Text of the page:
Dog walking should be part of every dog owner and dog daily routine. Why do we walk our loved ones? Because it keeps our puppies physically and mentally healthy.
Now, today, we will try to talk about something different. And that is the structured walk. What is it? It is something that will change your life and your dog’s life for the better. Trust me, nothing will be the same once your start implementing some structure to your daily dog walking routine.
What is the difference between a structured walk and a regular walk? There is a huge difference. For starters, during a structured scheduled walk, it is your dog’s job to walk, plain and simple. There are no greetings, no sniffing, and no potty.
Now, you might be wondering, what about potty? Well, you do that before or after the structured walk.
Understanding structured walk
So, simply said, a structured walk is a walk based on bringing in more activities to your daily walk. With more activities, you, as a good pet owner, combine training, fun, and free time.
Now, you cannot start from Day 1 and expect great results. Why? Because before you try a structured walk, you should make sure your puppy is calm and relaxed. There should be no lead pulling or reactivity.
Once you master that, and your dog is calm, walks without any pulling, and doesn’t react to other dogs in an aggressive way, you can bring structure.
That will improve your dog’s skills and your bond with your puppy. Simply put, it makes walks more fun.
Now, structured walks are different for each and every dog. Depending on the breed, behavior, needs, and more factors, you can come up with a different structure.
Here is an example. Say you have an overexcited dog. If that is the case, a structured walk will focus on calm and relaxing activities. It will also give your puppy more free time. What you can do is add some more sniffing. Did you know that sniffing is actually relaxing for your puppy? Simply hide a treat and let your pup search for it.
And the best part is, a structured walk can also help with socialization. Socialization is not only meeting other dogs. It is also about building your dog’s confidence and making him calm around people, objects, and more.
What can you add to the walk?
When we talk about structured daily walks, we talk about activities you can add to your regular dog walking routine. I mentioned hiding treats around and letting your dog sniff. But here are some more examples of what activities you can add.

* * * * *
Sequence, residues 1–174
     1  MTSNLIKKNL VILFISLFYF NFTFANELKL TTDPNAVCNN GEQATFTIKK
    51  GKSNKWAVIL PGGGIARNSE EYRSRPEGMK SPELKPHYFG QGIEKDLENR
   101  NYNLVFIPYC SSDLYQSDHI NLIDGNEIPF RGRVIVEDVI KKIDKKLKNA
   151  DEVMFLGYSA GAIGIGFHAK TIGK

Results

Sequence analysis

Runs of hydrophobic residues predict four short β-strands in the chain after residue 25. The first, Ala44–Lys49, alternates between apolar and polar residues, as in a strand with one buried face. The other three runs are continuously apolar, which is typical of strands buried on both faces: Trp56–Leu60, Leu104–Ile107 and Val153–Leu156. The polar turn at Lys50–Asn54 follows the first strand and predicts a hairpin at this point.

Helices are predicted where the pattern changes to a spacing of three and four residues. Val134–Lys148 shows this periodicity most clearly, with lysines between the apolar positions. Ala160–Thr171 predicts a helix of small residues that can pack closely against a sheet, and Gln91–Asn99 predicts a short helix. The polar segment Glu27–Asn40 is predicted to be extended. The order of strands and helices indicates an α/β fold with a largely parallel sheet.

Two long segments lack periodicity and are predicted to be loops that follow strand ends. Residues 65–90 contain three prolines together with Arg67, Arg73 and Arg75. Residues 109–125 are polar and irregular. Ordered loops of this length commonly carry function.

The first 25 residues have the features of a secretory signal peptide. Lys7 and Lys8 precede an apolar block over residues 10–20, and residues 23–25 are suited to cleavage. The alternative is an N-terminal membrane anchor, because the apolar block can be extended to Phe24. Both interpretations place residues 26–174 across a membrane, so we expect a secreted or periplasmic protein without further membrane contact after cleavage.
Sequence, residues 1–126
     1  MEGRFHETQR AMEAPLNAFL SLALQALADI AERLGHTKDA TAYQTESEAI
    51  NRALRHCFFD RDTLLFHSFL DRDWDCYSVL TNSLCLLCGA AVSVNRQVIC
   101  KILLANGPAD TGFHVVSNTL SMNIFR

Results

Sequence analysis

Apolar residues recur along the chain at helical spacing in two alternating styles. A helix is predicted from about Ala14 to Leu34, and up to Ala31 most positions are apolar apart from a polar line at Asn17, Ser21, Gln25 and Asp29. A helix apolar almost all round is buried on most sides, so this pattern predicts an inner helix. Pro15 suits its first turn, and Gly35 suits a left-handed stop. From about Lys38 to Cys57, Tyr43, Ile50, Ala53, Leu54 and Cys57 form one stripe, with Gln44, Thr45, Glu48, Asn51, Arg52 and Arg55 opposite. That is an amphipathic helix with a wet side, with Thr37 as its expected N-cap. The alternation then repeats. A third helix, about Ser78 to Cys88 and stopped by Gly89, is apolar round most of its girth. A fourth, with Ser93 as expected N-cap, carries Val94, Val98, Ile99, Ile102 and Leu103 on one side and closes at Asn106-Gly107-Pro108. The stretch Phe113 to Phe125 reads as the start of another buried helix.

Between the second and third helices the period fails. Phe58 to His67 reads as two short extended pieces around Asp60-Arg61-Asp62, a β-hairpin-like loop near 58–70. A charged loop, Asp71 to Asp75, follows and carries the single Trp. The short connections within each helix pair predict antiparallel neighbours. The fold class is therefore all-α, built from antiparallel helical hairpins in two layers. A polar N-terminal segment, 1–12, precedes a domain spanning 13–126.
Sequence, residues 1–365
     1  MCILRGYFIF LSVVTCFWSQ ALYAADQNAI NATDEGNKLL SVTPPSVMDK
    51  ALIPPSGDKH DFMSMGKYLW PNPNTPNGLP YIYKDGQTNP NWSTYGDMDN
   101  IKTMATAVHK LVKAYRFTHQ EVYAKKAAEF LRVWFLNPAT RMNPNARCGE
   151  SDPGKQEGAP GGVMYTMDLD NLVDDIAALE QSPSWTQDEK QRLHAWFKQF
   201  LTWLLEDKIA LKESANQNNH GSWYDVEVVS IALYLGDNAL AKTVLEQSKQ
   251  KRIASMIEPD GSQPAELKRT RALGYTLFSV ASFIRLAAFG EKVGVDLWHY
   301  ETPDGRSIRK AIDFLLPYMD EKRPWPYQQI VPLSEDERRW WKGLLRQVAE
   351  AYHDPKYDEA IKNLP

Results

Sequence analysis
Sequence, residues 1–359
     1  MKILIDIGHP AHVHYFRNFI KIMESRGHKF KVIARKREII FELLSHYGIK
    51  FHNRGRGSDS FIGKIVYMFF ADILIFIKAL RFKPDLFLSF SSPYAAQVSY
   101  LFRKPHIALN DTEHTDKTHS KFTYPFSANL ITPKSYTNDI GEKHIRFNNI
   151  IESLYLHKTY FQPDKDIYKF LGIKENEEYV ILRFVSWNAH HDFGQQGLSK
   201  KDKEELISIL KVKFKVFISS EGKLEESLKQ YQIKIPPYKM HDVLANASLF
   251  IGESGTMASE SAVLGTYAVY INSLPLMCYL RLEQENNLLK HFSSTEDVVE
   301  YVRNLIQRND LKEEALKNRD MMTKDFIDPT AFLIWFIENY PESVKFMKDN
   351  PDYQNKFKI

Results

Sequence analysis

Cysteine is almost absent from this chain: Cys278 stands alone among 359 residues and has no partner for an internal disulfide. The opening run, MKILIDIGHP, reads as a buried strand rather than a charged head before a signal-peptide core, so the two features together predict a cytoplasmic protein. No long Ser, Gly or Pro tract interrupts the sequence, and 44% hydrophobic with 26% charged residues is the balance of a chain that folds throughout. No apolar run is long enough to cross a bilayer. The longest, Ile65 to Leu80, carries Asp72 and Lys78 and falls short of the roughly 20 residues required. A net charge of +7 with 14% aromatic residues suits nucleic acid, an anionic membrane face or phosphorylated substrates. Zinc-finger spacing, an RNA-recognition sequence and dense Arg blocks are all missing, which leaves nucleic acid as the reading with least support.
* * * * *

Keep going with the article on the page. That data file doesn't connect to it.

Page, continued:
- Play tug of war
- Play fetch
- Try some basic obedience training
- Learn new tricks
- Learn new obedience commands and cues
- Play with a flirt pole
- Play hide and seek
- Let your dog sniff for more than usual
Basically, you can do anything your dog knows and already does at home. But now, you have the added challenge of distractions and a stressful environment.
Always finish the structured walk with a relaxing time. Pay attention to your furry friend. Watch as your dog is getting tired and finish the walk.
What do I do?
I want to give you an example of a structured activity I do with my puppy, Milo. We go to an open field in the mountains. And our walk lasts for an hour, or one hour and 30 minutes, depending on how much time we want to chill.
So, here is how it starts and what we do. Of course, we drive up there by car. Once we are there, I let Milo off leash, and he can sniff around as much as he likes. But of course, I often check on him with a recall command, just to make sure he comes back when I need him.
After some 10 to 15 minutes of trail walking, we get to the open field. It is large and flat, usually with no people around, and we can play.
This is when we start playing with some balls. Milo goes crazy for balls. During our play, we repeat commands like stay, sit, go to a place, under, walk with me, heel, sit during walks, and much more. And we play for some 10 to 15 minutes.
Then, it is all about relaxing. We try to find a good place to sit and relax. Milo is chilling, and so am I. After we rest for a while, we go back on the trail to our car, and that is it. Sometimes, I give him the ball to carry it back to the car, giving him a job to do. Or I have him in heel back to the vehicle. I always try to mix things up.
With our structured activity, he gets enough physical exercise and mental stimulation. He is happy, yet tired after it.
Of course, we do shorter walks during the day. Like walking to the dog park and playing there. But you get the idea. Do not let your regular walks be just for potty.
Add some structure and activities.
How often should you walk your dog?
Now, you might be thinking, hey, I cannot go on a structured walk every time we go out with my puppy. True, you do not need to go on a structured walk three times per day. You can have two potty walks and one structured walk.
On average, our beloved pets need to go out walking three to four times for about 15 minutes. But frequency and duration depend mostly on your dog’s breed.
Is a two-hour walk too long for your puppy?
There is no such thing as a too long walk for your puppy. Most of our beloved pets cannot wait to get outside. It is the single biggest reward for a puppy.
Now, there are some couch potatoes. They just love to hang around the home and enjoy. Think Maltese or Bichon Frise. But if you have an active furry friend, a two-hour walk every day is something you need to provide to your puppy.